Tohoku Soka Gakkai Members Rebuilding Lives
In the aftermath of the earthquake and subsequent tsunamis that hit the northeast of Japan on March 11, 2011, local Soka Gakkai members in the devastated areas continue to take the initiative to provide support to those still suffering and struggling to rebuild their lives.
Following the initial earthquake, Masatoshi Suzuki, a young men’s leader in Iwaki City, Fukushima Prefecture, returned to his house as he was concerned about the safety of his parents. They weren’t there. He was about to leave when he felt an enormous jolt, as the tsunami hit his house and a torrent of water flooded in. Mr. Suzuki was tossed around in the water and knocked unconscious. The impact was so great that his wooden house was swept 500 meters from its original location.
When he regained consciousness he realized that the pile of debris and furniture that he was lying on top of had saved his life. Though the outer shell of the house barely remained, the roof was still intact. He was trapped between the rubble and the roof. As he is an electrician, he is familiar with the structure of houses and broke the central part of the roof to make his way out.
Despite his entire body being covered with cuts and bruises and an injured foot, he comforted many people and helped them to the safety of the local elementary school, where he was eventually reunited with his own parents. Some of the people he assisted were frozen with fear and others he carried on his back. He cannot remember how many people he helped.
At the beginning of April 2011, Mr. Suzuki started visiting a fellow Soka Gakkai member, Koji Endo. Mr. Endo was so traumatized by the loss of his parents, grandmother, his job and accommodation in the tsunami that he was unable to speak or express his feelings during the visits.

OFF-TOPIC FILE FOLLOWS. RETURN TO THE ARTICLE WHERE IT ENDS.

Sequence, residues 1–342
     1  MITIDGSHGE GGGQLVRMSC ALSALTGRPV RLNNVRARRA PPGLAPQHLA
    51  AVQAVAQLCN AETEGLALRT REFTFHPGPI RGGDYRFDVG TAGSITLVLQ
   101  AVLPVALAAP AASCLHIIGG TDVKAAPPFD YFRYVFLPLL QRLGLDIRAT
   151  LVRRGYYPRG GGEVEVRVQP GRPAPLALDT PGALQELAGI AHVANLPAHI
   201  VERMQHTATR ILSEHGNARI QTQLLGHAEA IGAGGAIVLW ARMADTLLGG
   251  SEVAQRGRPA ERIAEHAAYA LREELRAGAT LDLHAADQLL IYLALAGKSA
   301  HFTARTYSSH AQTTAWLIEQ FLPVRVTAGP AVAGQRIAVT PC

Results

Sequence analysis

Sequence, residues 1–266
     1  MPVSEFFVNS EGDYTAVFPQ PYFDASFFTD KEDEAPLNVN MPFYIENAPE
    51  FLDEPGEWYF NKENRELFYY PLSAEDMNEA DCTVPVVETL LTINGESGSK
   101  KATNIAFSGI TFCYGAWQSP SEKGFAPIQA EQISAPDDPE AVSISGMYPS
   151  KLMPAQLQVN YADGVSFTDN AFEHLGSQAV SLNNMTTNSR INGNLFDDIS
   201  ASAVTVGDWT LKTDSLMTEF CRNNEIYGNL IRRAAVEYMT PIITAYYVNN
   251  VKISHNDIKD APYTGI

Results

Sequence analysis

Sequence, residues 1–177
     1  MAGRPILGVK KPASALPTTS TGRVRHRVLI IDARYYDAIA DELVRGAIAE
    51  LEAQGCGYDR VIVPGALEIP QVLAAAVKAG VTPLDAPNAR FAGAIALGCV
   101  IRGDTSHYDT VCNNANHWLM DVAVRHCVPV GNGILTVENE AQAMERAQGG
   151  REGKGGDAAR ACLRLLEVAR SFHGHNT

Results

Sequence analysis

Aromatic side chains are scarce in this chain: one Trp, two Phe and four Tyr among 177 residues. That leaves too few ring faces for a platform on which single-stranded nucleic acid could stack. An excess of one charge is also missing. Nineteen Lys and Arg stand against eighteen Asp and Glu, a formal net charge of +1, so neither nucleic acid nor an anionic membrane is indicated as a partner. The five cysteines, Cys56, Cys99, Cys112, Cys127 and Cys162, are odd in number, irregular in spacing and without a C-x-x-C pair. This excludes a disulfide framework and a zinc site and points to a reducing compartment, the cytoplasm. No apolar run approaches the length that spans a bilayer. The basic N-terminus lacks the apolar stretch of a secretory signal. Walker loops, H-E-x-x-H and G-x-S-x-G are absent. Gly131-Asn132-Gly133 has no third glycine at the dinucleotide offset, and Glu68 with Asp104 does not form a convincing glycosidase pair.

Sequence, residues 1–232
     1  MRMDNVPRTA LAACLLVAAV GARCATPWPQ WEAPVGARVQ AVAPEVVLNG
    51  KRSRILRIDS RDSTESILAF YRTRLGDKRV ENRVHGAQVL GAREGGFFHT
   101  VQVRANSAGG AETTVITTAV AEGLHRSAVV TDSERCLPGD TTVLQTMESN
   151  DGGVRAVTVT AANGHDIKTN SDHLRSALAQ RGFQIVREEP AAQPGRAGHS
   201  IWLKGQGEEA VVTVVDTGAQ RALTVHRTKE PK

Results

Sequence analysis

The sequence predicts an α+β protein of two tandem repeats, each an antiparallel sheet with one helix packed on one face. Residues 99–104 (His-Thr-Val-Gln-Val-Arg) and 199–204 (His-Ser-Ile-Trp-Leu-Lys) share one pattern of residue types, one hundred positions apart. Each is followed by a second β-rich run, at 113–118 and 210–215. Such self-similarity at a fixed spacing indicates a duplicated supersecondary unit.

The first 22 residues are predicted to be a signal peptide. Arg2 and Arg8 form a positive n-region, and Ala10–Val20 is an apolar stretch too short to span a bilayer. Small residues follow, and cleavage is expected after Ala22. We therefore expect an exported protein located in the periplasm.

Mr. Suzuki was determined to support Mr. Endo, and drew strength from SGI President Daisaku Ikeda's March 16, 2011, message titled “Never Be Defeated! Have Courage! Have Hope!” In the message Mr. Ikeda writes, “Every adversity is but a trial for us to overcome so that we can attain eternal happiness. The Daishonin’s Buddhism, our practice of faith in the Mystic Law, enables us to transform all poison into medicine without fail.”
Two months after the visits began, Mr. Endo started to open up to and confide in Mr. Suzuki and began attending Soka Gakkai activities. His outlook became more positive, and three months after he started job hunting, Mr. Endo secured a job in a major company.
Mr. Suzuki attributes the fact that he was able to take action without hesitation to assist the people around him to his Buddhist faith and participation in Soka Gakkai activities which foster a sense of community by strengthening ties between people.
Mr. Suzuki says, “If what lies behind us is a mountain of debris and bitter disappointments, then we have no choice but to look ahead. In front of us lies a future brimming with hope.”
Noriko Sasaki is a young women’s leader and a school nurse at a high school in Sendai City, Miyagi Prefecture. The school was so badly damaged by the tsunami, which engulfed the whole of the first floor, that classes could not be held there. In May 2011, classes resumed at another school and in September 2011 they moved to a prefabricated school building. Ms. Sasaki has been supporting students and teachers who have been struggling to come to terms with life after the earthquake and tsunami.
At first, students who visited Ms. Sasaki’s room were experiencing physical symptoms of discomfort linked to trauma. Several months later, when students were able to start speaking about their family problems, Ms. Sasaki heard of instances in which divorced parents had to live together, increasing the students’ stress levels. At times, unable to find words to encourage students, she just hugged them and silently shared their pain.
One girl, who had been unable to express her feelings after the disaster, confided in Ms. Sasaki: “Why did I survive? I want to die.” Ms. Sasaki responded, “You must not die. Life is the most precious gift. I won’t let you die.” Later, the student asked if she could sometimes come to talk to Ms. Sasaki.
Whenever Ms. Sasaki herself felt depressed or stressed, she remembered a passage from The Writings of Nichiren Daishonin: “If one lights a [lantern] for others, one will brighten one’s own way.” (WND-2, 1060)
A victim of the disaster herself, Ms. Sasaki found that the way to break through in her own struggles was to regard the suffering of others as her own. She learned that the will to live again is borne of encouragement and caring. She is determined to share the students’ pain and continue encouraging them until each and every one is able to start rebuilding their lives.
[Adapted from an article in Sublime and articles in the January 11 and February 23, 2012, issues of the Seikyo Shimbun, Soka Gakkai, Japan; photos courtesy of Masatoshi Suzuki and Seikyo Shimbun]